Conscientious Objection by Health Care Professionals

Philosophy Compass 10 (7):427-437 (2015)

Abstract
Certain health care services and goods, although legal and often generally accepted in a society, are by some considered morally problematic. Debates on conscientious objection in health care try to resolve whether and when physicians, nurses and pharmacists should be allowed to refuse to provide medical services and goods because of their ethical or religious beliefs. These debates have most often focused on issues such as how to balance the interests of patients and health care professionals, and the compatibility of conscientious objection with professional obligations, but it is also possible to think about conscientious objection in terms of how to respond to moral disagreement and the requirements of liberal neutrality.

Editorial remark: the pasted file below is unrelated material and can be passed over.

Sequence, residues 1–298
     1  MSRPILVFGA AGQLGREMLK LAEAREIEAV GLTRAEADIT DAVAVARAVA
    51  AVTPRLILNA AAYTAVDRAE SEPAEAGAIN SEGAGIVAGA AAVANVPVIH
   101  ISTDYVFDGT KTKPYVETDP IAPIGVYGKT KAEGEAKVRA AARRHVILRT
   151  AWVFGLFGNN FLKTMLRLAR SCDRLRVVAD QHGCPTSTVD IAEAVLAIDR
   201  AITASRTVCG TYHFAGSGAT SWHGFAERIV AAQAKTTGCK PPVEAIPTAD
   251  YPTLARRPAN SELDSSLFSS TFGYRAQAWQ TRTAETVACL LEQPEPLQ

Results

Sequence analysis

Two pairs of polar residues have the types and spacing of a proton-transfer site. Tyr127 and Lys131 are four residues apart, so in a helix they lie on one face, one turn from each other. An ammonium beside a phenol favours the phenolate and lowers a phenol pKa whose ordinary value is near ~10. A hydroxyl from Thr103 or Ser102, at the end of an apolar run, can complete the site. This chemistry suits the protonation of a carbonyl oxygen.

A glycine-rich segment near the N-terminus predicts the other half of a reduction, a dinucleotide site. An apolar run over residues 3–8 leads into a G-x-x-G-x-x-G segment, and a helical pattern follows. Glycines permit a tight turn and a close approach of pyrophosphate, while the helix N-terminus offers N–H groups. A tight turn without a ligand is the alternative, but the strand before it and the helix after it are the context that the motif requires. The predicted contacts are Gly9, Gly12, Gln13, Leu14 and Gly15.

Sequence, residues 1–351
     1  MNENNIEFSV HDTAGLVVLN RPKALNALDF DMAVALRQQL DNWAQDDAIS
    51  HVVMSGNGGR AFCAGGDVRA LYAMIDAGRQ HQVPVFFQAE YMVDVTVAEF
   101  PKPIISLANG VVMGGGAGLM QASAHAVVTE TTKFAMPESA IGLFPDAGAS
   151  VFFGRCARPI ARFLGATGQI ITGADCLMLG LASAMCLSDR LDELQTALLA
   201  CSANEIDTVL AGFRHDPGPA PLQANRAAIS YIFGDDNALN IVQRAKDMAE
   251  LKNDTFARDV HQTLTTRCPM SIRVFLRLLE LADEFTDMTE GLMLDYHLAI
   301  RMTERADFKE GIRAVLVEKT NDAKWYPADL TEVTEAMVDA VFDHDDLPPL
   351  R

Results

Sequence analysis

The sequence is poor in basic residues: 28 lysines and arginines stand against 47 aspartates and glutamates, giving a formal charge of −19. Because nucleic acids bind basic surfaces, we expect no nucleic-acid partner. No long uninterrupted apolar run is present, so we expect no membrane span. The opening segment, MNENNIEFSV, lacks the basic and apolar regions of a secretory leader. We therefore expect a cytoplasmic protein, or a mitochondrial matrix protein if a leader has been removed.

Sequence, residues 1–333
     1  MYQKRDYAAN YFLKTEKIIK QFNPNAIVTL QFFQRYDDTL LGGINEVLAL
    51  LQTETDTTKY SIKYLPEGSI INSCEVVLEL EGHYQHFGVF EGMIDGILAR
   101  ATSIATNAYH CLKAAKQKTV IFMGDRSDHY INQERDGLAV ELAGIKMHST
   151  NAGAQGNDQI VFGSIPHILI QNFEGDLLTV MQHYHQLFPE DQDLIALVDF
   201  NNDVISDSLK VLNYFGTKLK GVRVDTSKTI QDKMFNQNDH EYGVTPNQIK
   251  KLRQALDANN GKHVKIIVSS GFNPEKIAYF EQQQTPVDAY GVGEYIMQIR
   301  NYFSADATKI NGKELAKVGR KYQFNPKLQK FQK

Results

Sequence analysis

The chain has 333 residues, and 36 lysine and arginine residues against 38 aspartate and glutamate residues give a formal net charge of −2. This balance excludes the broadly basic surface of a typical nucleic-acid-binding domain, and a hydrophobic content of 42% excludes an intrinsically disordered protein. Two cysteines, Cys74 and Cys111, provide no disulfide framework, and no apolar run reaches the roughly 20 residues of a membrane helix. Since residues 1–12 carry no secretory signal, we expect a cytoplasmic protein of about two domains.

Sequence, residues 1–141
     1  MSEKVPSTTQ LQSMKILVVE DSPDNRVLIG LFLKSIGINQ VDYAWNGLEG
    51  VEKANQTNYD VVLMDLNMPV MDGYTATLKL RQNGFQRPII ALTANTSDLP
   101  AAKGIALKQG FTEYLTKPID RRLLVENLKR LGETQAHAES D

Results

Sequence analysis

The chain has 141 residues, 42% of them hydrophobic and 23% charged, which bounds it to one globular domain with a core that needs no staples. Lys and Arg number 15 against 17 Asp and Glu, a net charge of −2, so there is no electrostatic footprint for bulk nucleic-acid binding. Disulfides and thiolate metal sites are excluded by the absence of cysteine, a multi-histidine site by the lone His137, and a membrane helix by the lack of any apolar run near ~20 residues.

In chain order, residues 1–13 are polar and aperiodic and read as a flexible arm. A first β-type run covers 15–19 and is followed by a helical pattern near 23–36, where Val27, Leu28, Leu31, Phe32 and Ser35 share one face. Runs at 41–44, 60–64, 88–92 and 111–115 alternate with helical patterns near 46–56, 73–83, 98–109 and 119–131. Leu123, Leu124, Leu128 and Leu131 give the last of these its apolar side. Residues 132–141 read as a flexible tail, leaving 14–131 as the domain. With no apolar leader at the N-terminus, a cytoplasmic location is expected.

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DOI 10.1111/phc3.12235
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References found in this work BETA

Political Liberalism.J. Rawls - 1995 - Tijdschrift Voor Filosofie 57 (3):596-598.
Conscientious Objection in Italy.F. Minerva - 2015 - Journal of Medical Ethics 41 (2):170-173.
Conscientious Objection and Emergency Contraception.Robert F. Card - 2007 - American Journal of Bioethics 7 (6):8 – 14.

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Citations of this work BETA

The Truth Behind Conscientious Objection in Medicine.Nir Ben-Moshe - 2019 - Journal of Medical Ethics 45 (6):404-410.
Public Cartels, Private Conscience.Michael Cholbi - 2018 - Politics, Philosophy and Economics 17 (4):356-377.

View all 6 citations / Add more citations

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